Spline surfaces

We have already learned how to use cubic splines to make curves. We can also use bicubic splines to make surfaces. In this case, rather than defining x,y,z in terms of a single parameter t describing parametric movement along a path, we define x,y,z in terms of two parameters u,v which describe parametric position upon a surface.

This gives us a piece of spline surface that looks like a warped square tile in space. To make more complex spline surfaces, we can piece together multiple tiles, matching their positions and surface normals along the edges between them where they join. This is, for example, how the teapot that I showed in class was made.

The general formulation for a single bicubic surface tile is:

x(u, v) = au3v3 + bu3v2 + ... p
with similar equations defining y(u,v) and z(u,v). For each of these equations we need sixteen coefficients [a, b, ... p], for all of the sixteen possible products of u and v u3v3 to u3v2 through 1.

Conveniently, we can describe all 16 possible coefficients by the following matrix/vector product:

[u3 u2 u 1]
abcd
efgh
ijkl
mnop
[v3]
[v2]
[v ]
[1 ]

If we refer to the above matrix of coeffients as C, then the above equation looks like this:

U • C • VT

If you have three such 4×4 coeffient matrices, Cx, Cy and Cz, one for each dimension, then you can then evaluate (x,y,z) locations on the bicubic spline surface by iterating over values of u and v:

```for (int u = 0.0 ; u <= 1.0 ; u += ε)
for (int v = 0.0 ; v <= 1.0 ; v += ε)
drawPoint(eval(Cx,u,v), eval(Cy,u,v), eval(Cz,u,v));
```
Through variations on the above code, you can also draw curved lines along the u,v surface, as well as small polygons which can be shaded and z-buffered. Each of these polygons has four vertices:

{eval(Cx,u,v), eval(Cy,u,v), eval(Cz,u,v)}

{eval(Cx,u+ε,v), eval(Cy,u+ε,v), eval(Cz,u+ε,v)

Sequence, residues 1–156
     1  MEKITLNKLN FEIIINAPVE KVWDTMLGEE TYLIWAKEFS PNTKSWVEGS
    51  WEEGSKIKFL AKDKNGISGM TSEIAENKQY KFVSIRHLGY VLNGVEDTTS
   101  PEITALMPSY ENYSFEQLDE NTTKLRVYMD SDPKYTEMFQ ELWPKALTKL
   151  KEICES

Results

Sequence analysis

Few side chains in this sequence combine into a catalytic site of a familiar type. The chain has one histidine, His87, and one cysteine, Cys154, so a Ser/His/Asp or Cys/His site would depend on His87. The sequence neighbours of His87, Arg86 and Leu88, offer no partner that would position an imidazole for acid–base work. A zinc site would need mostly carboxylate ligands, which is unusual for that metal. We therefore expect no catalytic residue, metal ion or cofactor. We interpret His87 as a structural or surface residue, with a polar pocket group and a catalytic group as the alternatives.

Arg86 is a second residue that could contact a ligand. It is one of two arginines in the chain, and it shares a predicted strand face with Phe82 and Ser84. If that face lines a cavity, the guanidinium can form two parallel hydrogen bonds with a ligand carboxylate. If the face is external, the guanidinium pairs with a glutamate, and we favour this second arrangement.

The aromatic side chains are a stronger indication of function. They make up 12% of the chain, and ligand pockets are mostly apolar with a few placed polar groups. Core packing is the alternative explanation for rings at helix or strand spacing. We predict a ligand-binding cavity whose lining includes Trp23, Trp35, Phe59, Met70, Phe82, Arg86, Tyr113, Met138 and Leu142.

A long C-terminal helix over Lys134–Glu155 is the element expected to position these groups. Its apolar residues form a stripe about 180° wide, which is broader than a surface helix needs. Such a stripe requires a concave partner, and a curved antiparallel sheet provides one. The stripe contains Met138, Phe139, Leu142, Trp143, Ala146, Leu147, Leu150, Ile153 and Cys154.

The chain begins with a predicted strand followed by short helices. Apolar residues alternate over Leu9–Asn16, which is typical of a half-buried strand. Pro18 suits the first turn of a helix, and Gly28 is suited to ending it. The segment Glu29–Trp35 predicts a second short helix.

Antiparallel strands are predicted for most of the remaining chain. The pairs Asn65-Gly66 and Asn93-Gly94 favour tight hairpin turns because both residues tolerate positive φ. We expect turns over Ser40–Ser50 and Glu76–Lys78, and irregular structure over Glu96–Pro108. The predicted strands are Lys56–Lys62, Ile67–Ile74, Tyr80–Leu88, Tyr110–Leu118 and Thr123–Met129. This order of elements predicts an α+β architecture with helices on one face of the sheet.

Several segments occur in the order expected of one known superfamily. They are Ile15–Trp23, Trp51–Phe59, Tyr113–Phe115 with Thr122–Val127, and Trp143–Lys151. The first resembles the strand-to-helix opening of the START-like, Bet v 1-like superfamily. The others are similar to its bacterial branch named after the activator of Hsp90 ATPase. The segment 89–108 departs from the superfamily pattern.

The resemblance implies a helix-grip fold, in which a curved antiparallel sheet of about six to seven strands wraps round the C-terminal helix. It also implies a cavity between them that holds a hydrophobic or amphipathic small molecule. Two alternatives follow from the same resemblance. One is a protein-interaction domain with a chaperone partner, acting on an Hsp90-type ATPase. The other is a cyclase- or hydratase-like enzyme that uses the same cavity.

{eval(Cx,u+ε,v+ε), eval(Cy,u+ε,v+ε), eval(Cz,u+ε,v+ε)

{eval(Cx,u,v+ε), eval(Cy,u,v+ε), eval(Cz,u,v+ε)

Just as with spline curves, we generally want to find coeffients to define the geometry of a spline surface in a way that is convenient to the user, such as a Hermite or Bezier or B-Spline surface description. Then behind the scenes we convert to the polynomial formulation above.

The general trick for doing this conversion is to use the same Hermite, Bezier etc. conversion matrix that we used for spline curves, but to apply it twice: once for u and once for v.

For example, lets say we have a Bezier description of the surface, in which we describe, each of x, y, and z on the surface by sampling u and v every 1/3 unit. This gives a matrix of 16 knot locations in (u,v):

P =
(0/3,0/3)   (1/3,0/3)   (2/3,0/3)   (3/3,0/3)
(0/3,1/3)   (1/3,1/3)   (2/3,1/3)   (3/3,1/3)
(0/3,2/3)   (1/3,2/3)   (2/3,2/3)   (3/3,2/3)
(0/3,3/3)   (1/3,3/3)   (2/3,3/3)   (3/3,3/3)

At each of those locations the x coordinate has a value, as do y and z. Our goal is to convert this matrix into a matrix C of coefficients. Fortunately, this is easy to do, since we can just use our Bezier matrix B on both sides to convert coordinates in both u and v:

[u3 u2 u 1] B P BT
[v3]
[v2]
[v ]
[1 ]

When evaluating U • C • VT, we can use use the coefficent matrix given by C = B • P • BT.